Friday, February 10, 2006

The Lady From Shanghai

The Lady From Shanghai (Orson Welles, 1947) [7]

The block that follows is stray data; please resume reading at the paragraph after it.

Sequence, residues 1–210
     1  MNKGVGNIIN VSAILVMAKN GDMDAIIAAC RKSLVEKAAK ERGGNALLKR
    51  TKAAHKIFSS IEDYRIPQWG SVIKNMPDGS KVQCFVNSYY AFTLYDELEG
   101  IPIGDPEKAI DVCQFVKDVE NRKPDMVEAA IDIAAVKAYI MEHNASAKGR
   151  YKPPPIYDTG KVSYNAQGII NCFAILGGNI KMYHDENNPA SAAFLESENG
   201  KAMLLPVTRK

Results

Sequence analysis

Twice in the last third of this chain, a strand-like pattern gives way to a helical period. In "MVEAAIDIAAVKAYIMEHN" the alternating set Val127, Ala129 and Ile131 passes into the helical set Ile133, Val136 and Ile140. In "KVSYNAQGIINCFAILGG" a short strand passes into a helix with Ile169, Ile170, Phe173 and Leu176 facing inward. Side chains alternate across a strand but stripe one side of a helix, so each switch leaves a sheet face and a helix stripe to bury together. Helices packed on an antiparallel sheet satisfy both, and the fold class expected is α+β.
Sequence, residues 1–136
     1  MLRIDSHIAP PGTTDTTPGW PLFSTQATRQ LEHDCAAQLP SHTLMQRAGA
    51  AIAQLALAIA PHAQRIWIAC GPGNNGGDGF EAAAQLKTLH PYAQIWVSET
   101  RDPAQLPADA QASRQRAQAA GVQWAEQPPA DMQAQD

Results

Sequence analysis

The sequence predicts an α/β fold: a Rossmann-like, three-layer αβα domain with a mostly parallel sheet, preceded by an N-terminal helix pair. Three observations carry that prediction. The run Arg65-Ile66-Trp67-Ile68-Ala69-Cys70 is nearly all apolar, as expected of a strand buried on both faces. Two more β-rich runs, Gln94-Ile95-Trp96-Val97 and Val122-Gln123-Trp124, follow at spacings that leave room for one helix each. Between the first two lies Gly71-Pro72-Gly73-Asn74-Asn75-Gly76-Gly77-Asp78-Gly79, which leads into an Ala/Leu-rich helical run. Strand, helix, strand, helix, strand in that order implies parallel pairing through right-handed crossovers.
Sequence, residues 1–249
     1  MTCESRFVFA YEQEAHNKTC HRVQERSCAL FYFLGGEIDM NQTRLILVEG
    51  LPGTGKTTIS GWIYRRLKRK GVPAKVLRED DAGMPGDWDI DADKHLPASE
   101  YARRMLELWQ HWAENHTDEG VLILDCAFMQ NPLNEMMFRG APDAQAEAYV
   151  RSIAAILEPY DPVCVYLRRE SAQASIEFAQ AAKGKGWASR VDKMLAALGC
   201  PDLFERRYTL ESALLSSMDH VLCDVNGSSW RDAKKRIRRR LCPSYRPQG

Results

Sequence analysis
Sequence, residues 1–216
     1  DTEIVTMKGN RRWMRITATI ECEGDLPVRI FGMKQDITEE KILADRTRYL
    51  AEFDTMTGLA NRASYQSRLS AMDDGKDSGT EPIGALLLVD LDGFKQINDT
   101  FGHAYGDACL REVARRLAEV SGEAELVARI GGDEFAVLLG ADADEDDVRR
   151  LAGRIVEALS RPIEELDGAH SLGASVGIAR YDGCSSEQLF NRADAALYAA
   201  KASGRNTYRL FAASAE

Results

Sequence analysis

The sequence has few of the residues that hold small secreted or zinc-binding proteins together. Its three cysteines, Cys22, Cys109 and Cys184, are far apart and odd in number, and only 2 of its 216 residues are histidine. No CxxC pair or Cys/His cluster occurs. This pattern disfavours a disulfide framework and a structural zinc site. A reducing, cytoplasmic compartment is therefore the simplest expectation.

This often seems to be a forgotten Welles film, but I think it’s a nice little noir that has some really interesting qualities. Like other Welles’ films, this one was significantly recut by the studio against his wishes, and it shows especially in the overdramatic score and shaky transitions. But the essential nature of the film survives. Welles plays a man who can’t really be considered a hero. He’s more a boob that gets into a situation he knew was no good. He even says it in his narration. I feel that the narration is really a plus. It places Welles’ character as an outsider to the privilege and corruption that the rich characters inhabit. He knows better than to get pulled into a bad situation by a woman, but he can’t resist the smoldering Rita Hayworth. The standard noir fare of murder and double-crossing follow, ending up in the much mimicked house of mirrors sequence. That scene is a bit of a metaphor for the entire film: you can’t really tell who a character really is.

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